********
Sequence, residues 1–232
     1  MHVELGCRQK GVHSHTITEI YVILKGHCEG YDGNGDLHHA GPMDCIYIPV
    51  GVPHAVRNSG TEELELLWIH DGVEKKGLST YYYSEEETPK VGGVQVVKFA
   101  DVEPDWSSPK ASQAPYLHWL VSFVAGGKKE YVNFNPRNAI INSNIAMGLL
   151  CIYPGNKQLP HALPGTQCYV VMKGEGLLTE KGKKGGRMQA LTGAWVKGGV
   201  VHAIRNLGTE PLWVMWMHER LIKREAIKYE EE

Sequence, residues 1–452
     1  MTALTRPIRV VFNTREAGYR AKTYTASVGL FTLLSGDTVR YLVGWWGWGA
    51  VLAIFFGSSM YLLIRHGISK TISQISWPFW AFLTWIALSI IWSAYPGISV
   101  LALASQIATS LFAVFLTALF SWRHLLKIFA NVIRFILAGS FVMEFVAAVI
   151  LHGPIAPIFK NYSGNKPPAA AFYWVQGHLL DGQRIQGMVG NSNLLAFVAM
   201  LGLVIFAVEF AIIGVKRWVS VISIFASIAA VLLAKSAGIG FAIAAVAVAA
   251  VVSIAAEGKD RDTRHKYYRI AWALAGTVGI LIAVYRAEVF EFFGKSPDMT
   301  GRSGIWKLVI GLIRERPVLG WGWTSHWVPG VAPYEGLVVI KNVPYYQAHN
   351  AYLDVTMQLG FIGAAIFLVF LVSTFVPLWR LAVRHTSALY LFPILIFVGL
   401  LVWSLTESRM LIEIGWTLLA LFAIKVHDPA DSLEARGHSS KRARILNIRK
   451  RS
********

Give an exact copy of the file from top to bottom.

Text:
Sequence, residues 1–232
     1  MHVELGCRQK GVHSHTITEI YVILKGHCEG YDGNGDLHHA GPMDCIYIPV
    51  GVPHAVRNSG TEELELLWIH DGVEKKGLST YYYSEEETPK VGGVQVVKFA
   101  DVEPDWSSPK ASQAPYLHWL VSFVAGGKKE YVNFNPRNAI INSNIAMGLL
   151  CIYPGNKQLP HALPGTQCYV VMKGEGLLTE KGKKGGRMQA LTGAWVKGGV
   201  VHAIRNLGTE PLWVMWMHER LIKREAIKYE EE

Sequence, residues 1–452
     1  MTALTRPIRV VFNTREAGYR AKTYTASVGL FTLLSGDTVR YLVGWWGWGA
    51  VLAIFFGSSM YLLIRHGISK TISQISWPFW AFLTWIALSI IWSAYPGISV
   101  LALASQIATS LFAVFLTALF SWRHLLKIFA NVIRFILAGS FVMEFVAAVI
   151  LHGPIAPIFK NYSGNKPPAA AFYWVQGHLL DGQRIQGMVG NSNLLAFVAM
   201  LGLVIFAVEF AIIGVKRWVS VISIFASIAA VLLAKSAGIG FAIAAVAVAA
   251  VVSIAAEGKD RDTRHKYYRI AWALAGTVGI LIAVYRAEVF EFFGKSPDMT
   301  GRSGIWKLVI GLIRERPVLG WGWTSHWVPG VAPYEGLVVI KNVPYYQAHN
   351  AYLDVTMQLG FIGAAIFLVF LVSTFVPLWR LAVRHTSALY LFPILIFVGL
   401  LVWSLTESRM LIEIGWTLLA LFAIKVHDPA DSLEARGHSS KRARILNIRK
   451  RS